Sunday, June 17, 2001
Austin, Williams win KOs
By By John Erardi
The Cincinnati Enquirer
Cincinnatians Tim Austin and Ricardo Williams Jr. each scored technical knockouts before 2,600 fans Saturday night at Cintas Center.
Tim Austin celebrates with family and friends.
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Each rocked their opponents with solid lefts to the chin, knocking them down, Austin's in the sixth round and Williams' in the third round.
It was Austin's seventh title defense as the International Boxing Federation bantamweight champion, his first in Cincinnati. Austin seeks to unify the title, and he said his next fight will be in China in August against an unspecified opponent.
Williams (3-0-1) and his convincing victory over John Lopez (6-5) sparked talk about an eventual fight against the man who beat him in the Olympic gold medal match last September in Sydney, Muhamad Abdullaev of Uzbekistan.
Austin landed solid lefts to the head of Steve Dotse (18-4-2) and softened him up with consistent body shots throughout. Austin (23-0-1) was faster, stronger and much more accurate with his punches.
He was stronger than I thought, but I was able to land a lot of punches, Austin said. I was not disappointed by the crowd because I was here to do my job, which was win the fight.
Williams also outclassed his opponent.
I could tell the way I was landing my jab early in the first round that I was quicker to the punch than him and that it was going to be a good night, Williams said.
Williams landed combinations at will during the fight, especially in the third round when the corner men for Lopez threw in the towel.
In a fight like this, you just want to make sure you don't get caught by a big punch, Williams said. In front of the hometown crowd, you don't want to get caught up in the excitement and punch yourself out.
You just have to hold back a little bit.
Williams was ducking a punch and threw his own left hand when he caught Lopez right on the chin, knocking him down.
As I threw my punch, I was slipping away from him to make sure I didn't get hit, and when I looked around, he was on the mat, Williams said.
Lou DiBella, who is Williams' matchmaker, said it was the best he has seen Williams look as a pro. DiBella said Williams will co-headline an HBO fight in Little Rock, Ark., this summer.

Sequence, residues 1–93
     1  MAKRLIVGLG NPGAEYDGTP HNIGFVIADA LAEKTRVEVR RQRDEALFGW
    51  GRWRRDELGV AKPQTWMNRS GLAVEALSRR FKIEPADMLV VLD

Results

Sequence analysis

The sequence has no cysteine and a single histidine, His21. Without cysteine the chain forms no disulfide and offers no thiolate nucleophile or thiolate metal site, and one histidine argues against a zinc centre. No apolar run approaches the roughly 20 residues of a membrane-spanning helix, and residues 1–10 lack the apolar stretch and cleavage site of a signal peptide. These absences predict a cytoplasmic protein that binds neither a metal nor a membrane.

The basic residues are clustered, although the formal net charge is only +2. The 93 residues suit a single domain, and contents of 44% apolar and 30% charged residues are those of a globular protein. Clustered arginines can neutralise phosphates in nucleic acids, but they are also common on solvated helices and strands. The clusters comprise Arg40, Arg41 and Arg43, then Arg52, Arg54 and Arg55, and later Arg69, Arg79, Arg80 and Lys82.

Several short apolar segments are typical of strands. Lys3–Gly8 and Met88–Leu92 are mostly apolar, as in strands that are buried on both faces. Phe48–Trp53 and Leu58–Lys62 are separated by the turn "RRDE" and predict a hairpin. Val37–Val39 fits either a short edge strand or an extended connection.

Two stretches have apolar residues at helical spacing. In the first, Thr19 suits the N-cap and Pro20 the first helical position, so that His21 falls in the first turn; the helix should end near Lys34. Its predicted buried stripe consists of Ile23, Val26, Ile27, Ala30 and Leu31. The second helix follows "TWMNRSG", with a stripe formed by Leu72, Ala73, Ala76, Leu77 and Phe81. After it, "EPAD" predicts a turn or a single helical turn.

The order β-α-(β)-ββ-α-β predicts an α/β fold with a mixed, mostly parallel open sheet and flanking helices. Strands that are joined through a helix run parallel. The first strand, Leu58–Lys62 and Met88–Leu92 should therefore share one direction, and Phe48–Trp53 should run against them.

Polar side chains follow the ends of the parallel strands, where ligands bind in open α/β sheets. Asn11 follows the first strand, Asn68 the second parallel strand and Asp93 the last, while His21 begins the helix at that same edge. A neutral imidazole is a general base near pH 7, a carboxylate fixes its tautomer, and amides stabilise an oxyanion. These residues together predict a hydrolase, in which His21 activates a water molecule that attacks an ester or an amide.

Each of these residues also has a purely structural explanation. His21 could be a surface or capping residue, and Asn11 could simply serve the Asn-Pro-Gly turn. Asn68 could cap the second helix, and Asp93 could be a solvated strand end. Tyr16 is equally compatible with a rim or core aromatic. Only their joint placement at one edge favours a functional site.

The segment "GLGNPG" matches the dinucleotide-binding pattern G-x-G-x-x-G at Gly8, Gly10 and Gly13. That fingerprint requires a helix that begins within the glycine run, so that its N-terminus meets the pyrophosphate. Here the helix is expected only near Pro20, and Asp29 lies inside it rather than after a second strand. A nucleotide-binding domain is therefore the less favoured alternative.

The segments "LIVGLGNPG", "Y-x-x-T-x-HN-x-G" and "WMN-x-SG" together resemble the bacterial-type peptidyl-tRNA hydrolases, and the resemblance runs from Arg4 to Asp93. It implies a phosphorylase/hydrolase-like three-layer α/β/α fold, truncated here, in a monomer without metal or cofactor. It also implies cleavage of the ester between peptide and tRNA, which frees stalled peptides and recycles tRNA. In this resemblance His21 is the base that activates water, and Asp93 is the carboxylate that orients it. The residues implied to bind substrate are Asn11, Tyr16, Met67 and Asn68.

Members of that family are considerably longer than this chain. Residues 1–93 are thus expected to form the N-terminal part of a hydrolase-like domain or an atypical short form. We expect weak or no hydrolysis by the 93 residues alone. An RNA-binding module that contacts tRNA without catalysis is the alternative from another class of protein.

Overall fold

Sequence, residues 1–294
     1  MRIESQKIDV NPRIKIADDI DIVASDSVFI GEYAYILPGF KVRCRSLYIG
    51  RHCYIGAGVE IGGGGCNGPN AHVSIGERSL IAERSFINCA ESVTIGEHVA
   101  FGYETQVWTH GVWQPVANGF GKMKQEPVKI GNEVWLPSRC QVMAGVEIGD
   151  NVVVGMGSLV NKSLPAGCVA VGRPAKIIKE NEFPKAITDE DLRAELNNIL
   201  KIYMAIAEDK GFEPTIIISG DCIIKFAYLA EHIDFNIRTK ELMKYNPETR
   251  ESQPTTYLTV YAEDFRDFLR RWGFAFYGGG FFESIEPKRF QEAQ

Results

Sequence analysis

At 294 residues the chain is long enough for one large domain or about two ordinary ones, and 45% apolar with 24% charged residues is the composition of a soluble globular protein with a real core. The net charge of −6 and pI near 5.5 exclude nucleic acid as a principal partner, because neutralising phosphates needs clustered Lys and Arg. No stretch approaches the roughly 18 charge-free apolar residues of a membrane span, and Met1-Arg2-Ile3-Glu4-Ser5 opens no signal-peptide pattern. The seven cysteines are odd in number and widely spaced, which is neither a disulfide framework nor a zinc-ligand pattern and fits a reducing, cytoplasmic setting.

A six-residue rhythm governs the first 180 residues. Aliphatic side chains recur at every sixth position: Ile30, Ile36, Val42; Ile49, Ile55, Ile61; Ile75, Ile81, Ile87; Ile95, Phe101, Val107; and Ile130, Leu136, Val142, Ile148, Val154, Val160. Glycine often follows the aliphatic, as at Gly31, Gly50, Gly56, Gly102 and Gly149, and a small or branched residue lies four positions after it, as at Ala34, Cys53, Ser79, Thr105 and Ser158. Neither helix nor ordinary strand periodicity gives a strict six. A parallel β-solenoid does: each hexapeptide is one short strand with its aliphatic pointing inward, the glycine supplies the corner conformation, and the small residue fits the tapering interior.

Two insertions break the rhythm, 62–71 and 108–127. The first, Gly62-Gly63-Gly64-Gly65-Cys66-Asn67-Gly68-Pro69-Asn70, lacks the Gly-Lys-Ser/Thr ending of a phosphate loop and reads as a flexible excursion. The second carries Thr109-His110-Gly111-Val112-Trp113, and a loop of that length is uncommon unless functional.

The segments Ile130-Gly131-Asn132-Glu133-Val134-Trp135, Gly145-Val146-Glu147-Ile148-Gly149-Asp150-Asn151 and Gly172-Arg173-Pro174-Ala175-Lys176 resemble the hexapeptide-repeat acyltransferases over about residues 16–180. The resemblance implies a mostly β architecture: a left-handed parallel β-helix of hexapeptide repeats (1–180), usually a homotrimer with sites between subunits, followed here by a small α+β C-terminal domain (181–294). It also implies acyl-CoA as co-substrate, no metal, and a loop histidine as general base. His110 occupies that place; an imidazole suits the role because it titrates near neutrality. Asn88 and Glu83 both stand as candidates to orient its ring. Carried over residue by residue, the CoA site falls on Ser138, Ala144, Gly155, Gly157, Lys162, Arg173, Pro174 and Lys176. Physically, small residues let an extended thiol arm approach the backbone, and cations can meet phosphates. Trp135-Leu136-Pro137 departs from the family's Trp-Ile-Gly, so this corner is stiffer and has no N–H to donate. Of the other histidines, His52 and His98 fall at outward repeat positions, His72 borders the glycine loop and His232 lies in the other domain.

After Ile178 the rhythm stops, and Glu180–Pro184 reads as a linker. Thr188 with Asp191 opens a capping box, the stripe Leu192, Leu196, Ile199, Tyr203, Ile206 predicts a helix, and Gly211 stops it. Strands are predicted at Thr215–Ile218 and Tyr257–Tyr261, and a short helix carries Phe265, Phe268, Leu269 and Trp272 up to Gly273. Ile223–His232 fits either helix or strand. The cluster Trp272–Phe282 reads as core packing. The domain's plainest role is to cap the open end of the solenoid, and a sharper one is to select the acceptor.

I'm really looking forward to that fight because the star of the show is my Olympic teammate, Jermain Taylor, who is from Little Rock, Williams said.
IBF junior bantamweight champion Felix Machado retained his title in a 12-round unanimous decision over challenger Mauricio Pastrana.
Ringside at Williams' fight was his first cousin, Jason Cornelius, 24, who was shot in the head four weeks ago. He had confronted some young men who he believed had broken into Williams' Lexus in Winton Terrace last month.
I dedicated this fight to Jason, who is my best friend, Williams said. I wanted to cancel the fight, but Jason told me that he wanted me to get in the ring and take care of business. So that's what I did.
The bullet entered Cornelius' head a quarter-inch in front of his right earlobe and exited a quarter-inch in front of his left earlobe.
God was with me, and that's why I wanted Ric to fight this fight, Cornelius said. Somehow that bullet passed behind my eyes but in front of my brain. It fractured my jaw and affected my breathing, but otherwise I'm going to be fine.
At one point late in the second round, while in a clinch with Lopez, Williams winked at Cornelius, who was delighted to see that Ricardo was thinking about him.
In the break-in of Williams' car, three TV sets were stolen.
I'm not worried about the car or the TV sets, Williams said. That was a dark day and this is a bright night. Everything happens for a reason and I'm thrilled I was able to win this fight for Jason.
Promoters blamed the sparse crowd on competition from the Outback Steakhouse 300 at Kentucky Speedway and the Reds game at Cinergy Field.
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